Friday, September 10th, 2010

HTML5 Canvas Image Effects: Black & White

Category: Canvas

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Marco Lisci has written a tutorial on creating a black and white image effect using the Canvas tag.

The heart of his tutorial is using getImageData() and looping through the red, green, blue, and alpha values of each pixel to change it’s luminance:

So, what can we use to make an image black and white? The luminance. The luminance is how much a color is luminous to the human eye and it’s used to measure the clipping white in video editing systems, for example. In video editing system a white color that “break” the screen is a white that is too white to be represented on a common TV.

This is important because by calculating the average number between red, green and blue values we could obtain a value for every pixel that represent a static mathematical representation of the color luminance.

But there’s a problem, an human eye see colors dynamically. For example, if we take similar shades of blue and green, our eyes will detect the green color more luminous than the blue. In our algorithm we could use the static average formula, but our image will be too flat, and we’ll lose a lot of color depth.

So, let’s introduce the luminance formula: red x 0.3 + green x 0.59 + blue x 0.11.

This formula calculates the luminance of a color as it’s perceived by the human eye, so the green channel has more importance than the red and the blue. In our Javascript code we calculate for every pixel the grayscale number, by using exactly this formula. Then we assign this value to the red, green and blue channels of our pixel. By doing this for every pixel we are able to get a black and white version of our original image. There are obviously other more complex methods to calculate the correct grayscale value, but they could be too heavy to be used in an HTML5 canvas element, and we can say that for an everyday use, the luminance algorithm is good.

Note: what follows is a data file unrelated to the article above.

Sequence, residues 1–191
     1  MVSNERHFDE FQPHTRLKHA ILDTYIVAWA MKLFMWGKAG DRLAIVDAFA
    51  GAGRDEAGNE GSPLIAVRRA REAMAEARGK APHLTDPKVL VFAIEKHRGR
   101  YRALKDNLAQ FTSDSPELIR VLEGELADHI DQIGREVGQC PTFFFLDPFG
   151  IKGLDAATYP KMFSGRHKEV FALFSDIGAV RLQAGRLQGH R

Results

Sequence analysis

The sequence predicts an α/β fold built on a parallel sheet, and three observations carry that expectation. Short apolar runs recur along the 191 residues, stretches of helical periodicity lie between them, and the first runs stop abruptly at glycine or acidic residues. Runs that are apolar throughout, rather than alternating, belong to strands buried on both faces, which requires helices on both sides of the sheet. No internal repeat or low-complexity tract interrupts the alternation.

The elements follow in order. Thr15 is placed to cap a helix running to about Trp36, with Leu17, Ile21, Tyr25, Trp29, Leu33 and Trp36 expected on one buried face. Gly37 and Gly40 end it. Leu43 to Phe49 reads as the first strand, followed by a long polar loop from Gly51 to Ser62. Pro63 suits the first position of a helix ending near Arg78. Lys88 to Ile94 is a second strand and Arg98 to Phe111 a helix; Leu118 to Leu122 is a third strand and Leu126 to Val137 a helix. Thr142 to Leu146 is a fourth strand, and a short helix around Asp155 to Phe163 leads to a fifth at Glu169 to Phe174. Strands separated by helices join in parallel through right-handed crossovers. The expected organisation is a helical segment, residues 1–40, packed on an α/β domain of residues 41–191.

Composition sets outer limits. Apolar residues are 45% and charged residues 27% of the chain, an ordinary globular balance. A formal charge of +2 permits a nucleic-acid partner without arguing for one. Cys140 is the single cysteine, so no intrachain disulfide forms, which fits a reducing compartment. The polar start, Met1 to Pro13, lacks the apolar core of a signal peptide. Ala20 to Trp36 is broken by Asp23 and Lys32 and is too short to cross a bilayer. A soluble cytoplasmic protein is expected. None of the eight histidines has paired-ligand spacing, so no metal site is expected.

Resulting in code that looks as follows:

javascript
< view plain text >
  1. var imgd = context.getImageData(0, 0, 500, 300);
  2. var pix = imgd.data;
  3. for (var i = 0, n = pix.length; i < n; i += 4) {
  4.   var grayscale = pix[i] * .3 + pix[i+1] * .59 + pix[i+2] * .11;
  5.   pix[i] = grayscale;       // red
  6.   pix[i+1] = grayscale;  // green
  7.   pix[i+2] = grayscale;  // blue
  8.   // alpha
  9. }
  10. context.putImageData(imgd, 0, 0);

It would be cool to see this combined as a kind of filter that can be applied to do black and white roll-over effects of elements, similar to what you can do with SVG filters.

[via Mark Mildner]

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Posted by Brad Neuberg at 5:30 am
4 Comments

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3 rating from 3 votes

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Just use Pixastic – http://www.pixastic.com/ – which does all sorts of fantastic filters with Canvas

Comment by sos — September 10, 2010

@sos, I was going to suggest the exact same thing ;-)

Comment by RoryH — September 13, 2010

Using perceptive factors for color luminance is not bad, but unfortunately, the brightness of color is much more complicated than that. See the following w3 document for the calculation of relative luminance

http://www.w3.org/TR/WCAG/#relativeluminancedef

Comment by fforw — September 13, 2010

Fun with HTML5 Canvas Effects http://www.julianstricker.com/fun-html5-canvas-effects

Comment by julianstricker — September 14, 2010

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